Japan battling virus threat ahead of delayed Olympics

Tue, 2021-02-23 02:13

TOKYO: Japan has managed to fight the coronavirus pandemic through quarantine, social distancing and states of emergency since the global outbreak of the virus began early last year.
The Japanese health ministry, under the directive of Japan’s minister overseeing vaccinations Taro Kono, began administering vaccines to medical staff on Feb. 17.
The country has so far approved only the Pfizer/BioNTech vaccine, and started administering the first shots in a Tokyo hospital.
The uphill battle Japan and the rest of the world faced during this pandemic was no easy feat.
On Jan. 16 last year, the Japanese health ministry confirmed the first coronavirus case in the country.
A week later, the foreign ministry issued a level two travel warning for the city of Wuhan in China, the epicenter of the outbreak.
By the end of January, more cases were detected that were either asymptomatic or showed mild symptoms. By February and March, the outbreak had reached most parts of the world, with talks of lockdowns, quarantine and social distancing measures.
Japan’s former prime minister Shinzo Abe announced in March a 270 billion yen ($2.5 billion) emergency economic package to help fight the pandemic as he sought public support for his government’s fight against the outbreak.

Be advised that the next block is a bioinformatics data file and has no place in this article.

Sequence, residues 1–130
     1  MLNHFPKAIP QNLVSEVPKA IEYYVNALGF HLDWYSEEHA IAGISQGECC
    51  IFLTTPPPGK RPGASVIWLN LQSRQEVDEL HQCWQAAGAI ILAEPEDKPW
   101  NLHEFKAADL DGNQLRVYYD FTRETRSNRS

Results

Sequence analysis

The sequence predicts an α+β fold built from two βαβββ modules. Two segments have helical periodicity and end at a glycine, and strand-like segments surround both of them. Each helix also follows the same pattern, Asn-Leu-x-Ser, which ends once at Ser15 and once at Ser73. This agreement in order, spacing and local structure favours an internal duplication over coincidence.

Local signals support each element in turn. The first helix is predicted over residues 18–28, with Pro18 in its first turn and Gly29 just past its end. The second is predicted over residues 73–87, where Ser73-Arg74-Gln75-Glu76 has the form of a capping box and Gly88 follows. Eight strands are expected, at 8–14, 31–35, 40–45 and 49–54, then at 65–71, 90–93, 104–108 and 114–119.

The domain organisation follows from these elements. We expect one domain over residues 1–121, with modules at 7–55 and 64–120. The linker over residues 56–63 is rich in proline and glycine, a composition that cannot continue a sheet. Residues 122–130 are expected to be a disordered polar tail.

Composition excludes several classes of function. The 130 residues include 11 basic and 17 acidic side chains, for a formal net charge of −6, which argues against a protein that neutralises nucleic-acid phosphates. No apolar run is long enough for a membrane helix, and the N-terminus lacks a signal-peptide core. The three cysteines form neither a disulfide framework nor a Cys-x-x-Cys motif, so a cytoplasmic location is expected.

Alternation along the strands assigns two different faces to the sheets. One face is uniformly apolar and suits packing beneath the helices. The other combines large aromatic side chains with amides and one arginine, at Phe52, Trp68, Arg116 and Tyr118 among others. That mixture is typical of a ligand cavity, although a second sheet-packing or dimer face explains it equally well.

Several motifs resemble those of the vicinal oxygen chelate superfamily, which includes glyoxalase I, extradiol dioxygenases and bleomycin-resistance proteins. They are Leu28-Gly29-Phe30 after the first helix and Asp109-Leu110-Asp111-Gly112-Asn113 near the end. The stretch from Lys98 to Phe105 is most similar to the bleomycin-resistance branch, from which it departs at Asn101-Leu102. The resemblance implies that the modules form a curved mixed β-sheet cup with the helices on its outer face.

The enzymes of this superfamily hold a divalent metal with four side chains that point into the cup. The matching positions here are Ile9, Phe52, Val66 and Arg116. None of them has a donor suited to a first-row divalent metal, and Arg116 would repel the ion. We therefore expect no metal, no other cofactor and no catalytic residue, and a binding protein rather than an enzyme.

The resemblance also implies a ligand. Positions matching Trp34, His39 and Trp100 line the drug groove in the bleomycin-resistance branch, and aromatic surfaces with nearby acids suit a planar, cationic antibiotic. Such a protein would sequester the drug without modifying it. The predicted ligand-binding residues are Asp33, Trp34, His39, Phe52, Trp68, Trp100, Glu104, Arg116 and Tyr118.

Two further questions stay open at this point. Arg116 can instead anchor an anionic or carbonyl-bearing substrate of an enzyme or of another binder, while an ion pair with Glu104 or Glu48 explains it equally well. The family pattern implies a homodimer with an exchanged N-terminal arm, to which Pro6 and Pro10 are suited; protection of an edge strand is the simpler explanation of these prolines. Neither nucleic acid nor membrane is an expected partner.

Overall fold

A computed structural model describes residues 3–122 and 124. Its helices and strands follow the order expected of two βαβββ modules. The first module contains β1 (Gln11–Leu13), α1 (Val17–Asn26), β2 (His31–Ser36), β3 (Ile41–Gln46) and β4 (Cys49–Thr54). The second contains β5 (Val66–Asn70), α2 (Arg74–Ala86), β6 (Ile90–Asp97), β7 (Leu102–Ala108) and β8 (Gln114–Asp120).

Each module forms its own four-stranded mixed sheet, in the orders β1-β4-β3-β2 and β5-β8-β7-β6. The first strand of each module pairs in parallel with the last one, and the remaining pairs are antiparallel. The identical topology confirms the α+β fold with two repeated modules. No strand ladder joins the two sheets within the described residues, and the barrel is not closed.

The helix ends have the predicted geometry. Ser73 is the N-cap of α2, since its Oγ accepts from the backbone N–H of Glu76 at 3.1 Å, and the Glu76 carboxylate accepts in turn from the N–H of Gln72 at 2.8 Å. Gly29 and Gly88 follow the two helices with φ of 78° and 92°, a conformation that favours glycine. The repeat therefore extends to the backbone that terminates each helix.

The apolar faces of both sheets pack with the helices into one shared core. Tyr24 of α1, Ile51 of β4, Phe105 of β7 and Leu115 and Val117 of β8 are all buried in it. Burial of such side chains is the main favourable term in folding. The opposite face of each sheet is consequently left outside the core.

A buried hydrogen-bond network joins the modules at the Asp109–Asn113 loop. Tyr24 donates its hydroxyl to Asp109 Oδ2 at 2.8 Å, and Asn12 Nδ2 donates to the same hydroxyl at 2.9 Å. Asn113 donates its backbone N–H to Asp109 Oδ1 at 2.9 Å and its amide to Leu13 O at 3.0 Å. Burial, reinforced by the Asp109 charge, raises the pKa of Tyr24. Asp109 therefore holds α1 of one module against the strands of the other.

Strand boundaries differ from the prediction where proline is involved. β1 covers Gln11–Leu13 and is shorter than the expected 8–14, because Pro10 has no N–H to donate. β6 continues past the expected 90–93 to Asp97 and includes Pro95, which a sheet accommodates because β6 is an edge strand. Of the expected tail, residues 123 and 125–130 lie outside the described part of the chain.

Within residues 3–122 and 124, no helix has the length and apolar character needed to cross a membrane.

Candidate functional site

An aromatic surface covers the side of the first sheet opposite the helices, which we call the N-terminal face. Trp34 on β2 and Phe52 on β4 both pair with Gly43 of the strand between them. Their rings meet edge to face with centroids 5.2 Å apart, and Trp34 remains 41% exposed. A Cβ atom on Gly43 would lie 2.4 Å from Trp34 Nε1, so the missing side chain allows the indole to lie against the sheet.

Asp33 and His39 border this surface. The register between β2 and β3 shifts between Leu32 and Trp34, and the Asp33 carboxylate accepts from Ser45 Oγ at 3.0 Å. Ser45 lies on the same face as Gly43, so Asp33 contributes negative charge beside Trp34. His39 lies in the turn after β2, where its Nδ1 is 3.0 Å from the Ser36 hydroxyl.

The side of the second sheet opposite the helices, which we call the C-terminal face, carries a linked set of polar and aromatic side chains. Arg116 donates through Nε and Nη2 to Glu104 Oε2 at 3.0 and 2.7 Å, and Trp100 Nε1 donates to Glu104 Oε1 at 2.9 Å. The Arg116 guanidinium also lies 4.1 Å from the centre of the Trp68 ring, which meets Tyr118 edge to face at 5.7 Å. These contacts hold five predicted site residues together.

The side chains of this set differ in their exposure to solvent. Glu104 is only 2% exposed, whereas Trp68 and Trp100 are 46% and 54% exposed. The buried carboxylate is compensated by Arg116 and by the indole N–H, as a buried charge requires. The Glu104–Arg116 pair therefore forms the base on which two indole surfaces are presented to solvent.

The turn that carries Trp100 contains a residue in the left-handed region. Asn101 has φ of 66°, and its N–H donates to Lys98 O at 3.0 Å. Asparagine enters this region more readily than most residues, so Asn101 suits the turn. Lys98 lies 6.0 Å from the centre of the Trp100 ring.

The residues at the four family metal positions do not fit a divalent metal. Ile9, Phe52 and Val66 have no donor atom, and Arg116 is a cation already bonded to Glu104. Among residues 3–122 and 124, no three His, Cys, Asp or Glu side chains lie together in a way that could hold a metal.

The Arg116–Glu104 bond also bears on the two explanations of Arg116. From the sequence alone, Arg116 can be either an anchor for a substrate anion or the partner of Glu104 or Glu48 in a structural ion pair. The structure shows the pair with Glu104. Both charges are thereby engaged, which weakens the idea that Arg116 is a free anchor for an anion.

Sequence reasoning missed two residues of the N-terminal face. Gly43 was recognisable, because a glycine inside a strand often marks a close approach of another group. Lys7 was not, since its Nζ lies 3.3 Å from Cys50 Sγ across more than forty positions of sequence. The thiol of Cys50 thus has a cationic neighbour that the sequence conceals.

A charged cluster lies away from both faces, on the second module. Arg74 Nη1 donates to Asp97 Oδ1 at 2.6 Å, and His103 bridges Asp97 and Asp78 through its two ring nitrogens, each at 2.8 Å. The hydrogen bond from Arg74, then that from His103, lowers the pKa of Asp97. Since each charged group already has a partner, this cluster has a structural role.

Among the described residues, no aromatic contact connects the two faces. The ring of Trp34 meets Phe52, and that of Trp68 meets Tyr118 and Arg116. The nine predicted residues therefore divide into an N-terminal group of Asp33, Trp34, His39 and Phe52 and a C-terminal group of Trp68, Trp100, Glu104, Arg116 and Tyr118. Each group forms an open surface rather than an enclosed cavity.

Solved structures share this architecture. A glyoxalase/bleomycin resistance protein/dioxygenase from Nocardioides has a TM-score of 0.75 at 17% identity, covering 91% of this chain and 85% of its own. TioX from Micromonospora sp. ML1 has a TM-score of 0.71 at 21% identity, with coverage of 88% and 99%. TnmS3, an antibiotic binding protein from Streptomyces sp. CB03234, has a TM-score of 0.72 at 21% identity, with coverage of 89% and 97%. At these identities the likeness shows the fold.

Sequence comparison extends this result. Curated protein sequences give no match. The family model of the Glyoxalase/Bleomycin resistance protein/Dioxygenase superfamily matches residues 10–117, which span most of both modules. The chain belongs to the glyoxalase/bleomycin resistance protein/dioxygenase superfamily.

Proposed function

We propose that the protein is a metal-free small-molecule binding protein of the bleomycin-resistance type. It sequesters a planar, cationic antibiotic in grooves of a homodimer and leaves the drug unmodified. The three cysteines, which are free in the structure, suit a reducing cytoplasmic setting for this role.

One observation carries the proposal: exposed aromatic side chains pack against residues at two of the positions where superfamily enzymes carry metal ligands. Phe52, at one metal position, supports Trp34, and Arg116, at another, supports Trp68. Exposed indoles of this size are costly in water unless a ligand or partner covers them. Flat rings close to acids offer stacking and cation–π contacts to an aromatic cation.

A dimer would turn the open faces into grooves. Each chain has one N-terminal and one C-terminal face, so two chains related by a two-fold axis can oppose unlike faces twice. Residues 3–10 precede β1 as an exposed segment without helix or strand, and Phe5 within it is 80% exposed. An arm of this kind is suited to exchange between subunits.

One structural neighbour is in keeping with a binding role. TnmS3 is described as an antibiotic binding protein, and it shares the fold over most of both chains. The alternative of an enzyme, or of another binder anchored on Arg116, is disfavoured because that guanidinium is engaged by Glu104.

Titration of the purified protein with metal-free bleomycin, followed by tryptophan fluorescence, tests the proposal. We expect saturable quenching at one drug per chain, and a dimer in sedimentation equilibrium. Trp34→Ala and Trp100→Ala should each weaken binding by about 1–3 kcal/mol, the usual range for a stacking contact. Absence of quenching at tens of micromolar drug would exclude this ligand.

Travel restrictions were also put in place and a state of emergency was discussed in Tokyo as cases continued to rise in and out of Japan.
The country opened back up around June and by August cases began to rise again. By November, Japan’s Imperial Household Agency had decided to cancel the 2021 New Year greetings by the Imperial Family to visitors at the Imperial Palace in central Tokyo due to the threat of the virus.

Hopes remain that the Olympics will go ahead despite coronavirus challenges. (Supplied)

It was the first time that the New Year greetings had been canceled since 1990 following the death of Emperor Hirohito, posthumously named Emperor Showa, in 1989.
On Jan. 2, members of the Imperial Family appear on the balcony of the palace to offer New Year’s greetings to crowds of visitors.
Since the start of the Heisei era in 1989, at least 50,000 people visit to receive royal greetings.
The Imperial Family also greets the public at the palace on the Emperor’s birthday. But visits this year and last year were canceled due to concerns over crowding.
As December rolled around, Christmas and New Year’s celebrations were kept to a minimum, as coronavirus cases began to reach an all-time high. In Jan. 7 of this year, Japan’s Prime Minister Yoshihide Suga declared a new state of emergency in Tokyo.
With vaccines being administered and quarantine measures still in place for travelers, many hope that the situation will subside in time for the upcoming Tokyo Olympics and Paralympics Summer Games, despite the obstacles.


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